How great agents win in the face of NAR settlement misinformation


Consumer misconceptions following the NAR settlement are wild. Jimmy Burgess talks to Keeping Current Matters CEO David Childers on how to communicate with today’s buyers and sellers.

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The proposed National Association of Realtors’ (NAR) settlement will separate professional agents from amateur agents. I recently spoke with David Childers, CEO of Keeping Current Matters, who shared his insights on what agents should be doing now to position themselves to win in the changing environment.

Childers began the interview by discussing the amount of confusion the settlement has created for buyers, sellers and even for agents. He shared the following from Brian Boero, co-founder of 1000watt:

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Childers focused on the portion of this quote where Boero says, “Consumer sentiment is malleable and volatile.” When speaking on the word “malleable,” he said, “This means that it can be changed and it is the job of agents to present the facts in a way that brings clarity to buyers and sellers.”

The second word he spoke on was “volatile.” In his words, “it means the subject is being discussed everywhere and the understandings or beliefs about the settlement include some that are true and some that are false.

“In life and in business there can be a big difference between what is said and what is heard. That has largely been the case with the NAR proposed settlement as headlines and the sheer amount of attention has created confusion with what is happening.”

“The topic of the proposed settlement was brought up by a group of people that didn’t know I was involved in the real estate industry at an event I attended last week,” Childers said. “I kept my mouth shut to just listen to what people heard. The things that people heard and believed were wild.”

“From you don’t need an agent anymore, sellers can’t pay the buyer’s agent commission, and other extreme ideas with much of their thoughts just factually incorrect. The problem is that it is not just the public, but in many cases, agents are still unsure about exactly how these proposed changes will affect their businesses,” Childers said.

Confusion, fear, panic and paralysis

Childers went on to say, “Confusion leads to fear. Fear, when left unchecked, leads to panic and panic, when left uncontrolled, leads to paralysis. We find ourselves in a time when many agents are not sure about exactly what is happening. This leads them to not knowing what to say, and, based on their confusion, they aren’t sure what their course of action should be.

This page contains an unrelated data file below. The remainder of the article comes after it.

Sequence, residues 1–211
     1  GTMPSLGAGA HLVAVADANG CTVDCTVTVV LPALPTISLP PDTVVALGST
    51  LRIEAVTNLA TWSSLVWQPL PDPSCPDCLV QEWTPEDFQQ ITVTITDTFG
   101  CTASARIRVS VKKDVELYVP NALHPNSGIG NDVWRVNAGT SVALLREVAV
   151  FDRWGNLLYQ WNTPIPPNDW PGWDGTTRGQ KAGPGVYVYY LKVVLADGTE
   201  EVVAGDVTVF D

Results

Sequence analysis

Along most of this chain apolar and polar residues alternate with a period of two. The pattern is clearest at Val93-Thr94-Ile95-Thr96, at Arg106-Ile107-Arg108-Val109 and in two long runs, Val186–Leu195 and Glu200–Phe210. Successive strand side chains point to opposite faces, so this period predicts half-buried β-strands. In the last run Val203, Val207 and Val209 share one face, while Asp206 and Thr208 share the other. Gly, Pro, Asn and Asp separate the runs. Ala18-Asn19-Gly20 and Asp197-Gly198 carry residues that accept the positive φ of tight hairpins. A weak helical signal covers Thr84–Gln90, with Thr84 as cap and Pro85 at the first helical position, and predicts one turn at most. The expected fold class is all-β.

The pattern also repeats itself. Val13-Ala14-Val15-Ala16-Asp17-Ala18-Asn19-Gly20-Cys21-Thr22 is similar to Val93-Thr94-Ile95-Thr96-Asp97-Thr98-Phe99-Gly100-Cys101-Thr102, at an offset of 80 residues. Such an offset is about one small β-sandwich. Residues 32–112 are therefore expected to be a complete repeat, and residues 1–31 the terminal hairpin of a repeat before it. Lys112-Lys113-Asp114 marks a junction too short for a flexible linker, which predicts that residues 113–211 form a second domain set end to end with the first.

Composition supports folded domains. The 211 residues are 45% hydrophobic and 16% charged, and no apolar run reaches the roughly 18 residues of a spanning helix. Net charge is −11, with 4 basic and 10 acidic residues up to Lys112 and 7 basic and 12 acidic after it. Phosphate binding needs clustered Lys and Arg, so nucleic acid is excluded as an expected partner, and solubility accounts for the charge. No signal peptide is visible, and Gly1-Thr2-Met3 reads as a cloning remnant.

“Keeping Current Matters was founded on the belief that the educated agent in the market wins. I don’t know if there has been a time in history when it has been more important than now to be the educated agent.”

Childers noted several ways agents can educate themselves including reading the NAR Settlement Fact Sheet and the NAR Settlement FAQ published by NAR. He also referenced a webinar he did with Tom Ferry; Jack Miller, CEO of T360; and Alysia Esseg, the former president of her association and an agent coach, where they discussed the details agents need to know and how to answer several of the most common questions agents are receiving from buyers and sellers.

Childers said, “There is no shortage of information about the settlement. The key question is: What are agents doing to educate themselves, so they can be the resource and educator in their local market? Besides educating themselves, agents should also be clear on the facts about consumer sentiment. The following are a few surveys that agents should keep in mind.”

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He shared the slide above in reference to a survey recently done by the Northern Virginia Association of Realtors that asked consumers which of the following statements (mentioned in the slide) they most agree with. The survey showed that 76 percent of consumers believe when buying a home, you should definitely have someone who represents your interests during the whole process.

He also shared the following slide from a study done by Bright MLS.

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This slide also shares buyer sentiment in regard to how consumers view the value of an agent in the homebuying process.

After explaining the charts, Childers said, “There are plenty of studies out there that show how valued agents are with consumers. This doesn’t mean there aren’t some who didn’t hear the proposed settlement and say ‘Great, I’ve been waiting for this moment and now we don’t have to use an agent.’ That mindset is alive and well with a certain percentage of people, just as it always has been.”

Calm and confidence

“But what I do know,” Childers continued, “is that the frenzied, volatile nature of the current conversation will subside. The professional agent who brings calm and confidence to the frenzy will win. There is an unbelievable opportunity in the coming months for professional agents to gain market share and build a personal brand that will elevate their business to a whole new level.”

In closing, he said, “Most agents know what is happening. Good agents understand what is happening. But great agents can explain what is happening.

“Become an educator. Become the person buyers and sellers in your local market look to for clear, concise information that they have complete confidence in. By doing so right now you will create a separation from your competitors that will be difficult for them to ever make up.”

Jimmy Burgess is the CEO for Berkshire Hathaway HomeServices Beach Properties of Florida in Northwest Florida. Connect with him on Instagram and LinkedIn.





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